On November 18, 2021, CFHU presented a roundtable webinar featuring the University of Toronto and Hebrew University of Jerusalem Research & Innovation Alliance, focusing on the topic of “Mainstreaming of Polarizing and Hate Narratives“. Speakers included Prof. Peter Loewen, Department of Political Science University of Toronto; Prof. Shaul Shenhav, Department of Political Science, Hebrew University of Jerusalem; Prof. Tamir Sheafer, Faculty of Social Sciences, Hebrew University of Jerusalem; and Prof. Janice Stein; Department of Political Science, University of Toronto.
Click here to learn more about the U of T – HUJI Research Alliance. A summary of the research project is available below the video.
The Mainstreaming of Polarizing and Hate Narratives
- Peter J. Loewen, Department of Political Science and Munk School of Global Affairs & Public Policy (U of T)
- Ron Levi, Monk School of Public Policy and Department of Sociology (U of T)
- Suzanne Stevenson, Department of Computer Science (U of T)
- Christopher Cochrane, Department of Political Science (U of T)
- Tamir Sheafer, Department of Political Science (HUJI)
- Shaul Shenhav, Department of Political Science (HUJI)
- Meital Balmas, Department of Communication and Journalism (HUJI)
- Eran Amsalem, Department of Communication and Journalism (HUJI)
Political discourse containing hate, derogatory language, and incitement toward political and ethnic groups has always been a cause for concern among Western democracies due to the implications for fueling inter-group hostility, prejudice, and violence.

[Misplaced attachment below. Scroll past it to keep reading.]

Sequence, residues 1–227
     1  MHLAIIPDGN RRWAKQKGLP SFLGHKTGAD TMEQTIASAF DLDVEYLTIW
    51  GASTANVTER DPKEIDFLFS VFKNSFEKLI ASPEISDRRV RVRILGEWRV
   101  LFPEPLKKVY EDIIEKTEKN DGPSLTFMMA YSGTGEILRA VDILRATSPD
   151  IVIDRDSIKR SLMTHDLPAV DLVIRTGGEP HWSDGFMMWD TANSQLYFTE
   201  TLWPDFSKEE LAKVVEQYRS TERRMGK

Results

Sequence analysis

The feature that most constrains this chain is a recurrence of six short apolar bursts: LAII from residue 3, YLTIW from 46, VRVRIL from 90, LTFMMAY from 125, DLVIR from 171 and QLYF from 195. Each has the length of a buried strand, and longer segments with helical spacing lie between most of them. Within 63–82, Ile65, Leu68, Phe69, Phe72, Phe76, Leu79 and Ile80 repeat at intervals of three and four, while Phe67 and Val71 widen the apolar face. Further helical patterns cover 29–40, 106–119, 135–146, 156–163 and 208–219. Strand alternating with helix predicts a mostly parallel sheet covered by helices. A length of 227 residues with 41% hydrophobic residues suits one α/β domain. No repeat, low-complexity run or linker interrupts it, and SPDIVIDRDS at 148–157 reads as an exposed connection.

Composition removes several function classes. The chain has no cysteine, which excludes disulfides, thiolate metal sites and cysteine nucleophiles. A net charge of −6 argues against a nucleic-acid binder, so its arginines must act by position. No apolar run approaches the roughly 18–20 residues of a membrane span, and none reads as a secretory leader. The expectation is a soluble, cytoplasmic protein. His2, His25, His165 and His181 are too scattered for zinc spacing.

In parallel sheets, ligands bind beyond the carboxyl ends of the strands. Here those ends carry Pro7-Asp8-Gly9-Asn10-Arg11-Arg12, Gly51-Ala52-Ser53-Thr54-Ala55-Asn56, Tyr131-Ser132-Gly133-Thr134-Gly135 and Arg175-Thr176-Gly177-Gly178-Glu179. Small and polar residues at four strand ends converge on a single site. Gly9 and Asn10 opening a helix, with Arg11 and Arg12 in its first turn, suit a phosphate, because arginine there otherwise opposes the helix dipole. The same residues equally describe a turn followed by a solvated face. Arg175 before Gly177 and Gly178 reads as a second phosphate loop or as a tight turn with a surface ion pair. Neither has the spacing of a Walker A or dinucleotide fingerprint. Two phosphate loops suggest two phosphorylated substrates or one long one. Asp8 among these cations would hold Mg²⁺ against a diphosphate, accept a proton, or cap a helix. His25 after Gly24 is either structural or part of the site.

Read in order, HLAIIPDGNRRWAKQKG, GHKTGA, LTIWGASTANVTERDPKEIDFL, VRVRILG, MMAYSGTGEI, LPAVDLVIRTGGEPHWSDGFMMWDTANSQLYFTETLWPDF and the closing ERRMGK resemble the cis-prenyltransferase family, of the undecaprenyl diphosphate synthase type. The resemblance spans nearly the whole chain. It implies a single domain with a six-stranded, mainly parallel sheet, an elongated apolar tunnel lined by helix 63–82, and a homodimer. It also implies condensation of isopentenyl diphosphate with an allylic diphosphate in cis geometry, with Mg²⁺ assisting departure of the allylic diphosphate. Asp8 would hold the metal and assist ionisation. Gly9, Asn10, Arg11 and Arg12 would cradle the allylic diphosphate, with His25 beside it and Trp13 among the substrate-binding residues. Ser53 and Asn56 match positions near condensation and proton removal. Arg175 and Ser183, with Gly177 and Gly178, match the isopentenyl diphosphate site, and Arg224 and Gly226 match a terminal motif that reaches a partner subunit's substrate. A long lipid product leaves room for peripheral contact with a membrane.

But the rise of new digital technologies has created an opportunity for extreme actors to increase their public visibility more than ever and has led to uncivil and polarized online political discourse. This has the potential for eroding public support for democracy and legal institutions. We ask in this project:
- How such a discourse composed of hate and incitement has penetrated the mainstream political discourse and become more legitimate;
- What are the social and political consequences of such mainstreaming.
We focus on polarizing and hate narratives: how people tell the story of their in-group versus the stories of other societal and political outgroups in a way that increases hostility, polarization, and hatred.
In a second phase, we will examine how citizens react to polarizing and hate narratives.
We will explore major actors in democracies (citizens, media, and politicians), across platforms (speeches, news coverage, Facebook and Twitter), in multiple languages (English, French, Hebrew), and in various political contexts: Canada, France, Israel, the US, and the UK.
Our collaboration is an opportunity to advance the scientific and public understanding of polarizing and hate narrative in multiple political contexts and platforms, while utilizing complementary research approaches that combine state-of-the-art computational algorithms together with large scale online experiments.